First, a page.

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Thursday, December 21, 2006

Packing tape transfers

from http://www.quietfish.com/notebook/?p=586

Materials:

  • clear packing tape
  • magazine or photo with image
  • spoon
  • scissors

Instructions:

Wednesday, December 20, 2006

Gingerbread man

gingerbreadman This was created at our local Ontario Early Years Centre.

Materials:

  • brown construction paper or craft foam (the one shown was made with craft foam)
  • festive stickers, ribbons etc to be used for decorations (the one shown used festive foam stickers)
  • glue
  • markers, crayons, glitter etc for further decoration
  • ribbon (if you wish to make a hanging decoration)

Instructions:
  • have the gingerbread man shape cut out by an adult
  • decorate with stickers etc
  • affix ribbon (if yo uwish to make a hanging decoration)

Tuesday, December 19, 2006

Santa

santa_plate

This was created at our local Ontario Early Years Centre.

Materials:

  • paper plate
  • cotton balls
  • red construction paper
  • white glue
  • stickers, markers, crayons, glitter etc for decorating

Instructions:

  • cut out hat shapes (red hat and white trim)
  • glue hat to paper plate
  • create eyes, nose, cheeks with stickers or markers
  • glue on cotton balls as beard and hat decoration

Sunday, December 17, 2006

Six pointed snowflakes

snowflake_21_d3 snowflake_22_dx snowflake_23_d1

Materials:
  • An existing pattern (choose from the following PDF files*: Pattern One, Pattern Two, Pattern Three or the blank template should you wish to make your own design)
  • use this legend to decipher the folding symbols
  • material for making the snowflake (practise with regular printer paper, delicate snowflakes can be made out of tissue or tracing paper, more permanent snowflakes can be made from vilene (as recommended in this Kiddley.com post)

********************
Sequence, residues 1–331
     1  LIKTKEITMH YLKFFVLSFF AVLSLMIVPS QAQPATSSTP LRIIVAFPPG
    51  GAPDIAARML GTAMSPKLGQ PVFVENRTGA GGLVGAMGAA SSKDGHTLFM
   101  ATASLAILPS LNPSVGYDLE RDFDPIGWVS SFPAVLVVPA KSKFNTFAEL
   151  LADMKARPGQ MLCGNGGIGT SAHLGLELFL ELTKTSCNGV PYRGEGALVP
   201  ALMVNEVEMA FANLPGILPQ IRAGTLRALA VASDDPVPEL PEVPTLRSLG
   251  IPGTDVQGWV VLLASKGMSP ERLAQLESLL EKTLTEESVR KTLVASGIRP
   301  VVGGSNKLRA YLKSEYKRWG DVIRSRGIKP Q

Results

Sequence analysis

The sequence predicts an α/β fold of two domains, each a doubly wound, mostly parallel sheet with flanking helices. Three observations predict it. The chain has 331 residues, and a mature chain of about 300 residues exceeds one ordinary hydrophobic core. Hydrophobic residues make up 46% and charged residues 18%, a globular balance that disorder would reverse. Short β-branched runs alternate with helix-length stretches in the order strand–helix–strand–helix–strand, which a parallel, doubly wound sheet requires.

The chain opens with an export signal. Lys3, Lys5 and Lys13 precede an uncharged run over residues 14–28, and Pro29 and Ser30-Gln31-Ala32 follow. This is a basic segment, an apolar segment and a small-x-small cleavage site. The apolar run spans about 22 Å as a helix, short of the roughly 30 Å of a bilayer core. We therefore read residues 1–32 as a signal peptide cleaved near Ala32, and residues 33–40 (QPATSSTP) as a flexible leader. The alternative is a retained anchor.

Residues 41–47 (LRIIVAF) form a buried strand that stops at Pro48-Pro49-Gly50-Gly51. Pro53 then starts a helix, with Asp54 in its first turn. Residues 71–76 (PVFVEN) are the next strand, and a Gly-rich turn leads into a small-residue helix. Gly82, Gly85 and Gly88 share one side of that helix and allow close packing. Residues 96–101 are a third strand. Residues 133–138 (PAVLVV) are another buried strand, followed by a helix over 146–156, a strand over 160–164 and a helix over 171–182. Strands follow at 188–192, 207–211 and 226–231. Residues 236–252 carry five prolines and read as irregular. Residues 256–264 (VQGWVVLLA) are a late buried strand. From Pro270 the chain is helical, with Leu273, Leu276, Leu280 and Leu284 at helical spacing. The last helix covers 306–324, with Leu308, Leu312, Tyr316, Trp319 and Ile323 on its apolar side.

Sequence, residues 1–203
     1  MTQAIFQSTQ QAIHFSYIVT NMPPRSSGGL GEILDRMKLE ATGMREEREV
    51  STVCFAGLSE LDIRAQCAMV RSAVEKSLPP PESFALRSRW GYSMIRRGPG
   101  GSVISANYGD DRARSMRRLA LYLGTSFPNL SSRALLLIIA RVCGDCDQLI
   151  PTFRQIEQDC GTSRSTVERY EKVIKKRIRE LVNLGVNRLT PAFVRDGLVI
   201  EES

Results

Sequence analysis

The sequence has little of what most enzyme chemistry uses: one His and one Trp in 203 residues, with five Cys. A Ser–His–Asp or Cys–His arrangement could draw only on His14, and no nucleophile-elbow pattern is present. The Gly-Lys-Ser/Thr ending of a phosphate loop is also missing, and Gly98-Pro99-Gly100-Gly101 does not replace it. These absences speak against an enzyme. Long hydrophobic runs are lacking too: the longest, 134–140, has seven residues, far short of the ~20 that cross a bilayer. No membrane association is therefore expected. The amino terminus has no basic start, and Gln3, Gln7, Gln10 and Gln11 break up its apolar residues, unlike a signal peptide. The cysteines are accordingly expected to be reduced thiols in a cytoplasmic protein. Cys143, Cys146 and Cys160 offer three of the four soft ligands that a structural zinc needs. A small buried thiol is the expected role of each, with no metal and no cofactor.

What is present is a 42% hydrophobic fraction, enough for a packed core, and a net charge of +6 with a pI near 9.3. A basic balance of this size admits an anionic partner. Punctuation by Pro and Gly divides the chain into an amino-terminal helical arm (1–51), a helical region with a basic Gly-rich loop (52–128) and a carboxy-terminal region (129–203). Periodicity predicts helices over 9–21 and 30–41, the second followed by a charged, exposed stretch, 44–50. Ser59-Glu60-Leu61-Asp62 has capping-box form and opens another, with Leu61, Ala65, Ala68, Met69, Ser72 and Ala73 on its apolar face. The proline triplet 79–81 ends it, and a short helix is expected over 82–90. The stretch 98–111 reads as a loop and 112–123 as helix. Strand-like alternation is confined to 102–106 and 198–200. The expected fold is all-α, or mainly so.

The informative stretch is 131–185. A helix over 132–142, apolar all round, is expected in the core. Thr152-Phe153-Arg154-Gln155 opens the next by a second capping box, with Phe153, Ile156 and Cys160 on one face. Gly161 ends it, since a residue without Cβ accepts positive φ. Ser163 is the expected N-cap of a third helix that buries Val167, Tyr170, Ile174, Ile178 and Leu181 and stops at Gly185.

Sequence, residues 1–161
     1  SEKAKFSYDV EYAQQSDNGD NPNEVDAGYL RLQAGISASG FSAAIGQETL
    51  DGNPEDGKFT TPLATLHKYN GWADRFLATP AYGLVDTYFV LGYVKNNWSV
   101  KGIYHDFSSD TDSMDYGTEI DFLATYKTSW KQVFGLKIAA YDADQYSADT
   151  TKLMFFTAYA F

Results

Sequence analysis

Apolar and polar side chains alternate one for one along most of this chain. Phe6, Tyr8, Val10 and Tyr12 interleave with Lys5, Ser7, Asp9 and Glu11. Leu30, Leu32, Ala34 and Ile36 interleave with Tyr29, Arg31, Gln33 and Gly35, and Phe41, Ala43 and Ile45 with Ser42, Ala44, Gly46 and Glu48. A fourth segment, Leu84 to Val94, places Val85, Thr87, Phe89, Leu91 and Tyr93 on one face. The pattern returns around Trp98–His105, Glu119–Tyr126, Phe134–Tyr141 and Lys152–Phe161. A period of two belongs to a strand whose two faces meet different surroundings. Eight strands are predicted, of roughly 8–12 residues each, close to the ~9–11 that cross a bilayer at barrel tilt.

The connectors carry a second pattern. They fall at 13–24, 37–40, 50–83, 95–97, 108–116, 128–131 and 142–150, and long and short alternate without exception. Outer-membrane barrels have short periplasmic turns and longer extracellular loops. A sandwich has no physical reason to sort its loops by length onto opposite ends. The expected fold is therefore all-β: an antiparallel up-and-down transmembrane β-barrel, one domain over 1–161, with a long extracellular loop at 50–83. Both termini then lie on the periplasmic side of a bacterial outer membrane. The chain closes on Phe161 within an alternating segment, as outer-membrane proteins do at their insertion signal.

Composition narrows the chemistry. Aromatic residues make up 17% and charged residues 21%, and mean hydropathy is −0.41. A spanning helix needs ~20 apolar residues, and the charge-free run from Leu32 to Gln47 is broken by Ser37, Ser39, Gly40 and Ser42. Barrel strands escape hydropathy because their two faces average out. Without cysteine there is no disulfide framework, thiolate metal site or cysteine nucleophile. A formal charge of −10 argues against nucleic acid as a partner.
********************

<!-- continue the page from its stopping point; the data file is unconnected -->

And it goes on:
• should you wish, materials for decorating your snowflakes (eg. glitter and glue)

Instructions:

  1. print out the desired pattern (PDF file*) and transfer the pattern to your desired material or print it out as a practise run (be sure to check the specifications of your printer before printing on unusual media -- using "out of spec" materials can cause permanent damage to your printing hardware) (These instructions use Pattern Two (PDF file*))
    snowflake_01
  2. Cut along the vertical red dashed line as shown below:
    snowflake_02

  3. Discard the small piece.
  4. Turn the square face down as shown below:

    snowflake_03

  5. Fold the paper in half, so that the cut edge meets the uncut edge (and the pattern is completely visible).

    snowflake_04

  6. The paper should look like this after the fold:

    snowflake_05

  7. Raising the lower right hand corner, make the "valley fold" by folding the paper at a 30 degree angle as indicated in the pattern. (The paper edge should line up with the "mountain fold" line.)

    snowflake_06

  8. Once folded your paper should look like this:

    snowflake_07

  9. Turn the paper face down to look like this:

    snowflake_08

  10. Raising the lower right hand corner, again fold the paper at a 30 degree angle as indicated in the pattern. (The paper edge should line up with previous fold line.)

    snowflake_09

  11. Once folded your paper should look like this:

    snowflake_10

  12. Cut along the curved red dashed line.

    snowflake_11

  13. The right hand side of your paper should now be rounded.

    snowflake_12

  14. Fold the paper in half (blank side under the patterned side).

    snowflake_13

    snowflake_14

  15. Cut out the pattern along the red dashed line.

    snowflake_15

  16. The finished piece should look something like this:

    snowflake_16

    Note that one edge is longer than the other. This is what makes it a 6 pointed snowflake. If you are making your own design, remember to leave some of the folded edges in place -- if you cut these all away the paper will fall apart!

  17. Begin to unfold the snowflake.

    snowflake_17


  18. And again.

    snowflake_18

  19. And again.

    snowflake_19